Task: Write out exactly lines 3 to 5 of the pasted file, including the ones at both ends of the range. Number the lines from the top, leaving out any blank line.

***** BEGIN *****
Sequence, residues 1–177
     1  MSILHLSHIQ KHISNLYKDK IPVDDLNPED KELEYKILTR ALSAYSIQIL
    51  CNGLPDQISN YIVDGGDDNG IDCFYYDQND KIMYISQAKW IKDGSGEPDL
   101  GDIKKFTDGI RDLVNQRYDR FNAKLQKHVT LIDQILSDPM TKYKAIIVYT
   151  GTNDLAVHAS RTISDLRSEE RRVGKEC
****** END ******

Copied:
    51  CNGLPDQISN YIVDGGDDNG IDCFYYDQND KIMYISQAKW IKDGSGEPDL
   101  GDIKKFTDGI RDLVNQRYDR FNAKLQKHVT LIDQILSDPM TKYKAIIVYT
   151  GTNDLAVHAS RTISDLRSEE RRVGKEC